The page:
The Helmet wreck starts at 9.5m and was an active part of the Japanese navy and now it serves as one of many reminders of the war. The ship was mostly loaded with Helmets and Depth charges and many of these are still intake on the ship. Since it’s been on the seafloor for almost 70 years nature has taken over many parts of the wreck you can also find some beautiful marine life on the wreck like staghorn corals, brain corals and lettuce corals. I have never done a checkout dive on a wreck before, and I had not dived many World War II wrecks so this was a fantastic start to what would become a great week.
After the first dive, we headed out to the outer islands to do the reefs and the walls. One of the keys to the fantastic diving in Palau is the current that surrounds the islands, the currents are fast but they are also the bringer of great marine life. Many times we just hooked our reef hooks into the top of a wall and then just enjoyed the shoals of fish, turtles, sharks, mantas and other fantastic creatures that happened to swim by.
When diving in Palau there is always something happening and as a diver this means that you never have a dull moment. Palau offers very diverse diving, more diverse than any other place I have ever been, Walls, channels, wrecks, planes, caves and the most famous of them all, the Jellyfish lake.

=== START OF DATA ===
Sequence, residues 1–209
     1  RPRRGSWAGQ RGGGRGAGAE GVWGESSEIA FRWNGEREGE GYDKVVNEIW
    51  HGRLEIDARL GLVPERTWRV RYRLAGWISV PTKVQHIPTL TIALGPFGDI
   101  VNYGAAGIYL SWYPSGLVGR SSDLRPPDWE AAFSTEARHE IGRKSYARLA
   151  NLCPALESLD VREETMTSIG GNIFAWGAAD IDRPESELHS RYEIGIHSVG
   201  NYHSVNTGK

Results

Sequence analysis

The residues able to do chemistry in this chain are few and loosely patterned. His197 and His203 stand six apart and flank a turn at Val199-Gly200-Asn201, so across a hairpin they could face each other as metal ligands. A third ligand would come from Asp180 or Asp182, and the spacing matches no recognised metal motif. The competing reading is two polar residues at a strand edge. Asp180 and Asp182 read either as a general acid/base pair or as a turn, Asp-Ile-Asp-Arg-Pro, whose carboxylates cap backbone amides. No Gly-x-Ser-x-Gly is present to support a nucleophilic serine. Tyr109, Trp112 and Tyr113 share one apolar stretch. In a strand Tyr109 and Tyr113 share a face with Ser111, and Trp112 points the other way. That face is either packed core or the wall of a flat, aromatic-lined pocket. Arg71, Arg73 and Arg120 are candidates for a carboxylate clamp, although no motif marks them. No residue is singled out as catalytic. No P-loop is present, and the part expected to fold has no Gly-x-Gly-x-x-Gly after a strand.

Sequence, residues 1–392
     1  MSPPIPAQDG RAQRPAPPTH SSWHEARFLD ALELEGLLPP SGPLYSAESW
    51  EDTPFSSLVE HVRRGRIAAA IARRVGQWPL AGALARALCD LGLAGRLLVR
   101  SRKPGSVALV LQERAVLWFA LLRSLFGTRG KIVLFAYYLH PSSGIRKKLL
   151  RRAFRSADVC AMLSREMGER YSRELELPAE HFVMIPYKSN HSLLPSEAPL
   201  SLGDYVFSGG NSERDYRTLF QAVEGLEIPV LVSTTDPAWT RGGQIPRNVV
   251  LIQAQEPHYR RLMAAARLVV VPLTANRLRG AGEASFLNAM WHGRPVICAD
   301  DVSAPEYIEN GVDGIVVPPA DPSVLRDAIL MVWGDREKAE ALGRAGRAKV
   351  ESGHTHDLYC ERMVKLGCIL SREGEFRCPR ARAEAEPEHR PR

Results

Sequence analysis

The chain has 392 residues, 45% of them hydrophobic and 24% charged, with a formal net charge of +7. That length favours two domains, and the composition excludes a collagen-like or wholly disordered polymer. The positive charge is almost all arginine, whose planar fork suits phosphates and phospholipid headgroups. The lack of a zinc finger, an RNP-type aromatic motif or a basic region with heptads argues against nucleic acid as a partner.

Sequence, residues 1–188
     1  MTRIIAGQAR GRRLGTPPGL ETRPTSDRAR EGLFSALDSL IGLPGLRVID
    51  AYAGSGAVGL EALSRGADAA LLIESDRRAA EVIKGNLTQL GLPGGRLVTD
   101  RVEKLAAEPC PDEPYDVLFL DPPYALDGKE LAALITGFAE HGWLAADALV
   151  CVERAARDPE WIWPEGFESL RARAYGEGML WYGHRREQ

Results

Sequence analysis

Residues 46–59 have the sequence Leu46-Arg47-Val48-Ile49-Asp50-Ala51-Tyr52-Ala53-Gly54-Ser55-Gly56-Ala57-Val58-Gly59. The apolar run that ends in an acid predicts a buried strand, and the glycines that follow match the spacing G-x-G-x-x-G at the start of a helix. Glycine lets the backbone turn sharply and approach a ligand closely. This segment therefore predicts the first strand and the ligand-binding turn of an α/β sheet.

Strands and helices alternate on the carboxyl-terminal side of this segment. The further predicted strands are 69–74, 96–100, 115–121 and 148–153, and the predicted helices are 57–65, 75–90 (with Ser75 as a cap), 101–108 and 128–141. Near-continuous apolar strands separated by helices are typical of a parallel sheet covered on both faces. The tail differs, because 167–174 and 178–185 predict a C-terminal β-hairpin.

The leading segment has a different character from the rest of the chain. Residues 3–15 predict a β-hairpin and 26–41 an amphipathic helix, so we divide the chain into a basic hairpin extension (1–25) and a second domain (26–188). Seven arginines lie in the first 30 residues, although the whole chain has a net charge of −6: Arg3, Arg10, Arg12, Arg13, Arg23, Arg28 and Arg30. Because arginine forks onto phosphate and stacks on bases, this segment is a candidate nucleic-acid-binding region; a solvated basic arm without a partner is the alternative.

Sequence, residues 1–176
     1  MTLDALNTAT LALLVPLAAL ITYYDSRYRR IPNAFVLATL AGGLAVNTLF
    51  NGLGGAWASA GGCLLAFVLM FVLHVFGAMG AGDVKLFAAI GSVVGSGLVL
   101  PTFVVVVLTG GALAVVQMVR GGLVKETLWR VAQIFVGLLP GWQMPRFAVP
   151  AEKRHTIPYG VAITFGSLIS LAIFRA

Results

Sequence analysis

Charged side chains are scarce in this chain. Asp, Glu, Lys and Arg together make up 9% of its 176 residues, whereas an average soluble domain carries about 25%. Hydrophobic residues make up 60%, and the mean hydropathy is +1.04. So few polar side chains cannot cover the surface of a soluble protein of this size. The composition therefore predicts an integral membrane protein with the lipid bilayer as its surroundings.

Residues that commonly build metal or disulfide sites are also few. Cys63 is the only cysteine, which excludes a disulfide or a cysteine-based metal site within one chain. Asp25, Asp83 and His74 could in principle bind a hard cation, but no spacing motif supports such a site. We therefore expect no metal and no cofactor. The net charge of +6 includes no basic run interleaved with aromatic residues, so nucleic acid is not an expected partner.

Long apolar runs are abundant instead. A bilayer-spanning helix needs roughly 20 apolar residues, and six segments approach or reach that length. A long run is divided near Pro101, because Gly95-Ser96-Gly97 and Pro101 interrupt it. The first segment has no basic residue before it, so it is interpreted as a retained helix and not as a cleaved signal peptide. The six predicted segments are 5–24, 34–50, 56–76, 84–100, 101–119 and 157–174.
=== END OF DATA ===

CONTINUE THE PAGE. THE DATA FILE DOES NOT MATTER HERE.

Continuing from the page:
Palau’s Dive Sites
The Jellyfish lake
I remember when I was a child and saw pictures on TV from a strange lake on the other side of the planet where it was called “the Jellyfish lake” and little did I know at that time that I one day would have the opportunity to snorkel in it. The lake is on a small island just a few minutes walk from the beach. All you need to do is to go over a small ridge in the jungle and then you are there. I have never taken much notice of Jellyfish before, but seeing this huge amount of jellyfish all in this lake and reading about the evolution that led to them being able to survive really amazed me. And since this is the only place in the world where you can see this I feel really privileged to have snorkelled there and it was a fantastic experience.
Every diver who comes to Palau has to have the blue corner on their wish list. Blue corner is home to some strong currents and it’s this current that attracts the huge amount of marine life that can be seen here. A quick drift to the channel opening then hook on to the reef with reef hooks and just relax and watch the fascinating and impressive activity on display in from of your eyes. Loads of Sharks, Turtles, Tuna, Eagle rays, barracuda and huge schools of fish will keep you captivated. We did many dives on the Blue Corner and the dive sites surrounding it and they where all absolute top class.